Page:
Reimagining Women in Leadership competition: BA Dee dela Cruz makes the grade

Culture
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Business Analyst Dee dela Cruz.When asked, Business Analyst Dee dela Cruz will enthusiastically describe herself as a lifelong learner. Whether it’s to gain more hands-on experience or practical knowledge, she regularly seeks out opportunities and tools to hone her business skills.

One such opportunity recently crossed her path while working towards her Master of Business Administration (MBA) part-time through the University of Manitoba’s Asper School of Business. Through the MBA program, Dee learned that the Asper School of Business was looking to enter a team into Ryerson University’s Reimagining Women in Leadership: Virtual MBA Conference and Case Competition. The virtual event, which took place March 5-6, brought together “women from diverse backgrounds in North American MBA programs to exchange ideas on socially relevant business issues and topics related to women in leadership.”

Taking into consideration her ongoing commitments with work, school and her personal life, Dee admits that, while the title and topic of the event “caught my attention,” she was initially hesitant because of the time commitment.

“After the initial email went out, the case competition coach reached out because the graduate program department thought I would be interested,” Dee explains. “I also started receiving emails from classmates asking if I was going to do this, and an email from Rhiannon (Leier Blacher), who ended up being one of my teammates and was also interested in entering. Their encouragement helped give me the push I needed.”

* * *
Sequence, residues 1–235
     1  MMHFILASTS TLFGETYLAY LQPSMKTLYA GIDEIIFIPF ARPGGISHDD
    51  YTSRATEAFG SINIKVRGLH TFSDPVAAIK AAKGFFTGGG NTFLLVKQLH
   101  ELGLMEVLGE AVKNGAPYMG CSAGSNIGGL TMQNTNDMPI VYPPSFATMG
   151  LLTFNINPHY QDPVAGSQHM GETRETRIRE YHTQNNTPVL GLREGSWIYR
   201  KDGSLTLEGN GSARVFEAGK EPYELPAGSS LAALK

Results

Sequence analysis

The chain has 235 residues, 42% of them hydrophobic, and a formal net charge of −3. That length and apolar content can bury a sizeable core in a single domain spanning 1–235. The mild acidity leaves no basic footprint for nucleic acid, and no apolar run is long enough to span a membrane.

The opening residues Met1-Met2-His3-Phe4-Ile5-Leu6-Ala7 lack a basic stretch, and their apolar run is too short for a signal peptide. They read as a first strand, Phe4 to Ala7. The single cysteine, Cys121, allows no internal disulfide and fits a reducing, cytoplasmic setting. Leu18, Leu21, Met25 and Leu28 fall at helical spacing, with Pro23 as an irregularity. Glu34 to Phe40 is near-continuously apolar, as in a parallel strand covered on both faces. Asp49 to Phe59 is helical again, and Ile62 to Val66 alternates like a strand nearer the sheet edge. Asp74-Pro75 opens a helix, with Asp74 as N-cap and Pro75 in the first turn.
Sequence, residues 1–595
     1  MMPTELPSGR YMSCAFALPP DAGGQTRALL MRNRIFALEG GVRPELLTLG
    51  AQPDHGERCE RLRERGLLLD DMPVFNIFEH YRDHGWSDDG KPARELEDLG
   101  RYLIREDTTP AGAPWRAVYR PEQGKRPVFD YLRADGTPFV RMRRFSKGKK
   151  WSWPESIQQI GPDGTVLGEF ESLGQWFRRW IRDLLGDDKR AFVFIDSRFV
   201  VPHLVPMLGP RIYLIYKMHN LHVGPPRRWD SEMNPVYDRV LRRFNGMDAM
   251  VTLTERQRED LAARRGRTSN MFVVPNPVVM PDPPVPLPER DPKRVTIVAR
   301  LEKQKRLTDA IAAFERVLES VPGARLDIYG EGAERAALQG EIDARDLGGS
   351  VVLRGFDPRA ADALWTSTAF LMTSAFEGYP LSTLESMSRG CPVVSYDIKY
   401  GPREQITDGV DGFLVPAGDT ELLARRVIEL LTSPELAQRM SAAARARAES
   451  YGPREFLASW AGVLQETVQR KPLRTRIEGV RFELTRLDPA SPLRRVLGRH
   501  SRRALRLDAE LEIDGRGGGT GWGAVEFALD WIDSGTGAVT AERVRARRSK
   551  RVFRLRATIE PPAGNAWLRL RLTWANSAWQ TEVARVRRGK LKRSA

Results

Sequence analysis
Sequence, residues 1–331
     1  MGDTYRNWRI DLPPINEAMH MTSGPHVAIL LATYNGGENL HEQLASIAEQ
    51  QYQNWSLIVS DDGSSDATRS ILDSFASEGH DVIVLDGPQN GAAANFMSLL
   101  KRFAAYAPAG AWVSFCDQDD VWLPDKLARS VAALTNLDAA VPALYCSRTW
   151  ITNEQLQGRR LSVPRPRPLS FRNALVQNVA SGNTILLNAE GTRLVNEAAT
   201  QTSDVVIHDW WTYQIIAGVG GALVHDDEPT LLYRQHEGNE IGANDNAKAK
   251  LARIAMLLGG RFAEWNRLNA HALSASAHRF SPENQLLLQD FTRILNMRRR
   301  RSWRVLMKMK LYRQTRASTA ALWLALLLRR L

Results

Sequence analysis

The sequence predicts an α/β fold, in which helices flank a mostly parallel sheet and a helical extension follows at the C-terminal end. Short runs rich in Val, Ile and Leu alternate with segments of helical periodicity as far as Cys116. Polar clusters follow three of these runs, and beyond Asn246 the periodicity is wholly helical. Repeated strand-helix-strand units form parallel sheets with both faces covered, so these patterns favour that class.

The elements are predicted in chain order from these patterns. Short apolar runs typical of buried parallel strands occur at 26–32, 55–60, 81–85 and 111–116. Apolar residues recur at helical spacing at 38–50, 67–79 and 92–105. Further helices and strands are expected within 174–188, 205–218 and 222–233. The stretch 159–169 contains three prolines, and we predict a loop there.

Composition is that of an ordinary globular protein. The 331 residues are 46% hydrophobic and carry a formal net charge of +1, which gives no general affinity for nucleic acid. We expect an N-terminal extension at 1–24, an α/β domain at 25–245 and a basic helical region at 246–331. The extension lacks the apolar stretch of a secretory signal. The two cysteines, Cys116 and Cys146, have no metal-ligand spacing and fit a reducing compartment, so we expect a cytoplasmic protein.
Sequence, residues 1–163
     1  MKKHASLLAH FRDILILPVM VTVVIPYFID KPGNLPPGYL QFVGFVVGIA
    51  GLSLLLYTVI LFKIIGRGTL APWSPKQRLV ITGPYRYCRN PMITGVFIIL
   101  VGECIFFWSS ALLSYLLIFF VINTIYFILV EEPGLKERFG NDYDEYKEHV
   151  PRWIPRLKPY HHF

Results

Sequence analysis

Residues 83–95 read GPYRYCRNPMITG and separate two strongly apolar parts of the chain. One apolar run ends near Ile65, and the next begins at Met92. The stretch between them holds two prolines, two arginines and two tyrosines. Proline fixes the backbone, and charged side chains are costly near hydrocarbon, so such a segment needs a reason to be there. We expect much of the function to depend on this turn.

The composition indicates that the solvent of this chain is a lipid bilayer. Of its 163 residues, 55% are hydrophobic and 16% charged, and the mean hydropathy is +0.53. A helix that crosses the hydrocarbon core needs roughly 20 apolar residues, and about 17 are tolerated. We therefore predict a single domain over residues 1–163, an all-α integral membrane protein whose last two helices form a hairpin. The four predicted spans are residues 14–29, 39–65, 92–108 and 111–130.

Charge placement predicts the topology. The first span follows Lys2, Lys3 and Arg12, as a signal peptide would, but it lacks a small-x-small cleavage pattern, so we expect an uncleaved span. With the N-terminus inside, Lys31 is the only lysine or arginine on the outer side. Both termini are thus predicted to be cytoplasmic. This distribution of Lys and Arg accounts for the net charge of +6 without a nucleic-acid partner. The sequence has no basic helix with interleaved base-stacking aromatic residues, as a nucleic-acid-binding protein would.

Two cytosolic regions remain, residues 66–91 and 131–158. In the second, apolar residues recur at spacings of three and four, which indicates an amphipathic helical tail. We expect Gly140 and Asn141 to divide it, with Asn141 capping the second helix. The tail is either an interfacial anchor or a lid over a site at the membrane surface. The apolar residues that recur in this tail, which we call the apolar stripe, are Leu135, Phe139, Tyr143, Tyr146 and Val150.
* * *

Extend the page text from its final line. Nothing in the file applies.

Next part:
Rhiannon Leier Blacher, Nadine Pinette, Erin Gair, and Dee dela Cruz.

Image courtesy of the Asper School of Business:
Rhiannon Leier Blacher (L), Nadine Pinette (Top), Erin Gair (Bottom), and Dee dela Cruz (R)

The Asper School of Business entered one team into the Case Competition, which included Dee, Rhiannon, Erin Gair, and Nadine Pinette. The four are all taking MBA classes remotely and part-time while continuing to work full-time. Dee explains that while they “attend” classes together, prior to the competition, they hadn’t really worked closely together – and none of the team members had ever participated in a Case Competition before. Thankfully, it was an instant fit.

“We just gelled together,” says Dee. “We challenged each other, we trusted each other, we supported each other. It was a lot of work, but we knew we weren’t alone. We received a lot of support from one another but also from our coaches. I’m pretty proud of what we were able to accomplish, and in hindsight the experience seems pretty crazy.”